I stumbled across this week’s inspiration almost by accident, when I fell into the pages of ‘Me Llamo Rigoberta Menchú y Así Me Nació La Conciencia’. This testimonial had been sitting patiently in my ‘to read’ pile for a good couple of months, and this Monday literally fell on me as I shuffled endless piles of paper. Despite the paper cut casualty, I am so glad this read took over my Monday and Tuesday this week.
It is easy to forget the luxury of the world we live in. A life that is not only free of poverty, oppression and violent discrimination, but also a life in which we can access the rest of the world with the touch of a button, we can have food delivered to our front door within minutes, and we are freely accepted into education purely based on our academic merits, and not our religion/ethnicity/age/gender.
Reading Rigoberta’s testimony turned our Western way of thinking and modus operandi on its head- not literally, this time.
Aside from the poor living conditions of Rigoberta’s early life, she exists in a world where she is continually confined by external forces. Her gender, her race, her spiritual beliefs, her family’s financial situation, and her geographical location continually create limitations within Rigoberta’s life. Early within the testimony, she states that she was “afraid of life” and that her own parents told her her dreams would never be realised. This is less a reflection on poor parenting than it is statement of Guatemalan Indios’ life-long social and political barriers.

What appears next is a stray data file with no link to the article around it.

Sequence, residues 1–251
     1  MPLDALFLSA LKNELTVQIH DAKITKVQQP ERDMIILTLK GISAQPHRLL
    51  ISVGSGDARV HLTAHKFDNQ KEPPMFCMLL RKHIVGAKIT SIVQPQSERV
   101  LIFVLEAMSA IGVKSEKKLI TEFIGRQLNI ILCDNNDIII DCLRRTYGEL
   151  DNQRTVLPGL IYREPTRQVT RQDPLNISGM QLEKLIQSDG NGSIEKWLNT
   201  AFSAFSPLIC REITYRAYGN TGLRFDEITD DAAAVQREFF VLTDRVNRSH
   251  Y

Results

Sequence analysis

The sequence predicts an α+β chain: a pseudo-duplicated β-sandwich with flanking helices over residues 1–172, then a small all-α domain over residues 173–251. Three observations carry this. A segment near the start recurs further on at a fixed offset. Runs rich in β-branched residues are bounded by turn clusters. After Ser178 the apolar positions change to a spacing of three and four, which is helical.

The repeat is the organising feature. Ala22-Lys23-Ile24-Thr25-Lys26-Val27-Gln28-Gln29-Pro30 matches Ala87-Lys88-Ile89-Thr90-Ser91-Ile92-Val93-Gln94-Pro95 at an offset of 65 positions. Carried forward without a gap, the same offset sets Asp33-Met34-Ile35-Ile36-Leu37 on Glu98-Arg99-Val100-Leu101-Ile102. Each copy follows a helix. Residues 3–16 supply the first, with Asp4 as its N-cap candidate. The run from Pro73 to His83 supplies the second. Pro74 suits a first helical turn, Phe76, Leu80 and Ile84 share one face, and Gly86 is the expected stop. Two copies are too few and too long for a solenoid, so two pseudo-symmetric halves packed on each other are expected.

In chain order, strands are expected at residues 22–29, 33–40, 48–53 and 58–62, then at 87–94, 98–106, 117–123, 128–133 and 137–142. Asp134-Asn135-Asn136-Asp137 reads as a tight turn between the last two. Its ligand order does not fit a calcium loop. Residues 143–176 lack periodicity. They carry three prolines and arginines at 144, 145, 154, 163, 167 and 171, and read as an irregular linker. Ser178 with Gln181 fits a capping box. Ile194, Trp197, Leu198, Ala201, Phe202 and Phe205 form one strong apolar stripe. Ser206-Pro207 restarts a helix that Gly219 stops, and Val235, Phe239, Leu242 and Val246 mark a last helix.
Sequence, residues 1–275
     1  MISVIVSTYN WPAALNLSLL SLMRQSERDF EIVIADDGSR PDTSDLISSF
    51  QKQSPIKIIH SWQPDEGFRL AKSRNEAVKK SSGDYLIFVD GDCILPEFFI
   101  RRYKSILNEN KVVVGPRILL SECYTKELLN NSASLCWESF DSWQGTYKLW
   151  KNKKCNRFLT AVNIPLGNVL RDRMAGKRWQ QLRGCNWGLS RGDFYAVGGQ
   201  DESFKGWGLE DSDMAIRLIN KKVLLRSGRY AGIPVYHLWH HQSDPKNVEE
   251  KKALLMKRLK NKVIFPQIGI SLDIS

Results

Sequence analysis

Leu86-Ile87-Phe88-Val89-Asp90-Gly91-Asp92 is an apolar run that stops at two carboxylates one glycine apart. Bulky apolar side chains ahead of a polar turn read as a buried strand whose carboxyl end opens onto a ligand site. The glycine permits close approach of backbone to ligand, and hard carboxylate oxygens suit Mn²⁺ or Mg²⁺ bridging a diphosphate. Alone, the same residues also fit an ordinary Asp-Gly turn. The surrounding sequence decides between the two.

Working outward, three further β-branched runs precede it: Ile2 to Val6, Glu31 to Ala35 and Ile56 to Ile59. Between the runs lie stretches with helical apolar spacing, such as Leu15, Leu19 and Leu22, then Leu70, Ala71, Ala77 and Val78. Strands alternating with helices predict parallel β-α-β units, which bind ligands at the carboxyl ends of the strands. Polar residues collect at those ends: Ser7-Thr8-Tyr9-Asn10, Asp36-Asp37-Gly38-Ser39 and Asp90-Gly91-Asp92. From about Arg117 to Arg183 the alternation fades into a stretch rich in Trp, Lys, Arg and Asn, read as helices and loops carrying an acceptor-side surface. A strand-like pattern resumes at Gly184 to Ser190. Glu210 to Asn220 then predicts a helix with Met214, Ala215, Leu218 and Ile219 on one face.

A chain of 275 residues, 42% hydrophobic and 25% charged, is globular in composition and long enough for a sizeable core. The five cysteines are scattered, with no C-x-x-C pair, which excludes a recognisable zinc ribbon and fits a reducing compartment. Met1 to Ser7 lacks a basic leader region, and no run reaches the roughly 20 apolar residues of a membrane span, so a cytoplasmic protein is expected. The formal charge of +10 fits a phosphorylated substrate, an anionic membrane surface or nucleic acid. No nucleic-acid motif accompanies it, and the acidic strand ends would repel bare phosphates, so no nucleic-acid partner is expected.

Through the immense journey that is Rigoberta’s living testimony, her attempt at inciting the international community into stopping the genocide of Guatemalan Indians, the reader never loses sight of Rigoberta’s own voracious and enlightening energy.
Having sold more than half a million copies across the globe and overcome over thirteen language barriers, Rigoberta’s book is a literal transcendence of physical, political, and cultural limits.
I was left feeling quite humbled. I don’t believe that in my life I have ever acted as selflessly as Rigoberta Menchú, and I didn’t even have to struggle to survive. To me, the most resonant issue is that this is testimony of the recently oppressed. This is a testimony that relates to real-life discrimination and suffering that is still happening around the world. While this suffering may not be racial, war crimes and religious bloodshed is still very prevalent.
This week’s inspiration leaves you on an earnest note, with a quote from Rigoberta herself.
“The world’s not going to change unless we’re willing to change ourselves”
Please leave any thoughts, comments or questions below. While In Search Of Silver Linings tries to operate as an open forum, any offensive or discriminative comments will be deleted.